Despite the hundreds of hours of research and development, and the precision with which they construct their production line, manufacturers can sometimes end up building a defective product. More often than not, companies have internal auditing systems in place to check for these kinds of faulty products to ensure they never reach the market. This reduces the chances of a customer not only receiving an inferior item, but also to protect them from any harm a product may cause.
However, not every auditing system is 100 percent effective, and flawed merchandise will unfortunately slip quality checks and into a customer’s hand. More often than not, though, a defective product will merely upset a customer who had high expectations about whatever he or she purchased. This can usually be remedied with a refund, a discount on a future product or some other type of promotional outreach. In a worst case scenario, the company would perhaps lose a few customers in the long run.
Sometimes, though, a defective product will do more than simply disappoint a customer. In some instances, the final piece of merchandise will ultimately do more harm than good in that it either injures or harms the customer. This can be due to any number of reasons, from sharp edges that may cut, poor wiring that can lead to electric shock or even something potentially fatal.
Companies of all shapes and sizes are susceptible to producing and distributing faulty products, certain sectors are more prone to it than others. For instance, toy manufacturers distribute products aimed at children. Since kids are generally less cautious when they play, toys need to be as safe as possible. Unfortunately, in 2014 alone, U.S. hospital emergency departments treated an estimated 251,800 toy-related injuries, according to the Consumer Product Safety Commission.
Since manufacturing companies are extremely reliant upon the tools, machinery and equipment necessary to build their products, any problems with these objects can be devastating. Engineers and builders painstakingly create production lines with many intricate processes and if any one of these goes wrong in even the slightest way, it can lead to defective products. Worse, malfunctioning equipment that isn’t immediately caught can potentially continue for days on end.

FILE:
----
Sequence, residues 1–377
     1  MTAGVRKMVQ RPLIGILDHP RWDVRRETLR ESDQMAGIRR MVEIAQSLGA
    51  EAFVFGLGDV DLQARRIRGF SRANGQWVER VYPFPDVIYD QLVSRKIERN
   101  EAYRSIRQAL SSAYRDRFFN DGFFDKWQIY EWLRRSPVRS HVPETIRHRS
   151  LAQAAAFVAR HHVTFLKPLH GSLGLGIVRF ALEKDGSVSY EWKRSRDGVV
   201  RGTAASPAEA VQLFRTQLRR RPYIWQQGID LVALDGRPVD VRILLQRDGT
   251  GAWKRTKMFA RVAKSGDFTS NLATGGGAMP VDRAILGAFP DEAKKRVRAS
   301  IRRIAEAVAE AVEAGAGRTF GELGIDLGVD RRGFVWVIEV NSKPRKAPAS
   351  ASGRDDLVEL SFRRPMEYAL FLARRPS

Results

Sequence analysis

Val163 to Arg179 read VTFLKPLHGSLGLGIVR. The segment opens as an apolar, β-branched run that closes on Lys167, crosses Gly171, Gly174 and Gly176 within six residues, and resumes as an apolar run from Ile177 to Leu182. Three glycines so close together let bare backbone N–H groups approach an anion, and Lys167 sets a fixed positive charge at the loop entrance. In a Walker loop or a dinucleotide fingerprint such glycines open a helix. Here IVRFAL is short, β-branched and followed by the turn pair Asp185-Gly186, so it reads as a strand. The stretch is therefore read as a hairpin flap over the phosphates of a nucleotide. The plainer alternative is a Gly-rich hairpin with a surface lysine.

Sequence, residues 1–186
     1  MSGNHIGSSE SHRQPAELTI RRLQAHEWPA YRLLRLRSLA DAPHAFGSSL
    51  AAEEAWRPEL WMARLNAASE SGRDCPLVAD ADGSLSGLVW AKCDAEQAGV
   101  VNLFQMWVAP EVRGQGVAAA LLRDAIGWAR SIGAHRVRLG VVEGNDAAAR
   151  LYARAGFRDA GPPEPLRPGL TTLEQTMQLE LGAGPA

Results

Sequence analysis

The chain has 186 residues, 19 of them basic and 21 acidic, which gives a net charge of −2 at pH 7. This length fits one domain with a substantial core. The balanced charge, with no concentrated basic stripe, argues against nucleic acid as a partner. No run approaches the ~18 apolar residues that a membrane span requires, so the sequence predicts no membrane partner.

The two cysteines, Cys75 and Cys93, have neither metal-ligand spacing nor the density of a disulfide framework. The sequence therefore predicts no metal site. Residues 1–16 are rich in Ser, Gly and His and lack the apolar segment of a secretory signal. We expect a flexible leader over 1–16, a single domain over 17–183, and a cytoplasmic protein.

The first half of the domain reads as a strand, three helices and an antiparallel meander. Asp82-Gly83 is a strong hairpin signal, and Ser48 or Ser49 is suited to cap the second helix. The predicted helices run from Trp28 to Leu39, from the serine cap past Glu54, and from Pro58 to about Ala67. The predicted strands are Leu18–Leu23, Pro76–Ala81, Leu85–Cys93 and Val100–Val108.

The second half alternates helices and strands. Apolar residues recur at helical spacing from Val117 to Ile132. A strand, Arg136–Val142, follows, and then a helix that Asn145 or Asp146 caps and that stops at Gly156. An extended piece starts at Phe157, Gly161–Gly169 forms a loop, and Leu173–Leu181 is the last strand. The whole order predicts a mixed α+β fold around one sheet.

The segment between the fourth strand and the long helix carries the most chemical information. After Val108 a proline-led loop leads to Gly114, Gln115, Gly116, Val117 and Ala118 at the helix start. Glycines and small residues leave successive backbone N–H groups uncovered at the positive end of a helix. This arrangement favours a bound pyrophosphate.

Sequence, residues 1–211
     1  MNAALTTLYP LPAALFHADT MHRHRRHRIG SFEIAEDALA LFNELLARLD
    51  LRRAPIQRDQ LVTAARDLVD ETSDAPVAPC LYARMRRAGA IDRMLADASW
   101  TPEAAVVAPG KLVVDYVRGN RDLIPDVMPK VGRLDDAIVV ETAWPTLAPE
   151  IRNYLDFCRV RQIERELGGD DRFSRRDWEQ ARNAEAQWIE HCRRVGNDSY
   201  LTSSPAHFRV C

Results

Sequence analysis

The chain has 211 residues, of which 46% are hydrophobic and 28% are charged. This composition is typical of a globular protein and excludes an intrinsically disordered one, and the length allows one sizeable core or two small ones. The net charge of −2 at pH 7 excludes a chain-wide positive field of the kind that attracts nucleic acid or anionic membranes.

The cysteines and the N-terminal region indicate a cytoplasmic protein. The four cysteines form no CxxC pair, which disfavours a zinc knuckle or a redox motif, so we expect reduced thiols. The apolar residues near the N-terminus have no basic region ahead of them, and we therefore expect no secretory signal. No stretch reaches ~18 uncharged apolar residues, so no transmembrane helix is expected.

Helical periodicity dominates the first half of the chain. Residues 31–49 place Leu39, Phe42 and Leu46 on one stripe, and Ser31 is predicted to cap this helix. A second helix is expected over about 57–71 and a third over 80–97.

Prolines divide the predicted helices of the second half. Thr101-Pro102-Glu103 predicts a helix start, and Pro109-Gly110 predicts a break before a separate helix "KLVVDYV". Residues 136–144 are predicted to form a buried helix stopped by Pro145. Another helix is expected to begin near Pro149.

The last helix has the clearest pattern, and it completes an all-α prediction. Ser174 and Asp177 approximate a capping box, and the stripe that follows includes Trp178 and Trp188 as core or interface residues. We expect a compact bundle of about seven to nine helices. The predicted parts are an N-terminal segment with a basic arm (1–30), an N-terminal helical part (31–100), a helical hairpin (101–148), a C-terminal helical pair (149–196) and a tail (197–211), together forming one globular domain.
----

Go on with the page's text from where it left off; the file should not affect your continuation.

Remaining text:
By implementing a series of internal audits and quality control mechanisms, manufacturers can reduce the number of potentially defective products that roll off the production line. No matter how staunch of a commitment a company makes for quality control, the possibility exists that a faulty or defective product will make it out into the market, but with the right system in place, manufacturers can keep this number as low as possible.
Don’t be afraid to recall
Sometimes the defect is so small or unrecognizable that a company can operate for an extended time manufacturing faulty products that are then distributed throughout the market. In a scenario like this, where a defective product has saturated the customer base, it can be wise for the company to consider implementing a product recall.
“Companies across the country recall more than 2,500 products on average every year.”
While some owners or managers might consider going this route to be an admission of defeat, the practice is a lot more common than many might realize. According to the online magazine Inc., companies across the countryrecall more than 2,500 products on average every year. With so many businesses dealing with this problem on a regular basis, it can be wise for managers or owners to put a plan in place for dealing with a product recall before disaster strikes.
How McGowan can help
No matter how many quality control mechanisms are in place, and despite careful planning, companies can still manufacture and distribute defective products that can potentially injure or harm a customer. When a situation like this arises, these companies need to know they have someone looking out for their best interests.
Brokers who partner with McGowan Excess & Casualty gain access to our unique industry experience and our wealth of knowledge about what insurance products work best. McGowan Excess & Casualty is a program manager that creates unique manufacturers umbrella insurance and excess liability products for manufacturers, with eligible classes covering:
- Abrasive Wheel
- Auto Non-Operating Parts
- Water Softening Equipment
- Electrical Equipment
- Food Products
- Metal Goods
- Wire Goods
- and hundreds more
With our access to “The Power of the Pen,” McGowan offers brokers unparalleled service, competitive premiums and broad coverage. Available nationwide, McGowan Excess and Casualty underwrites on behalf of “A” rated carriers.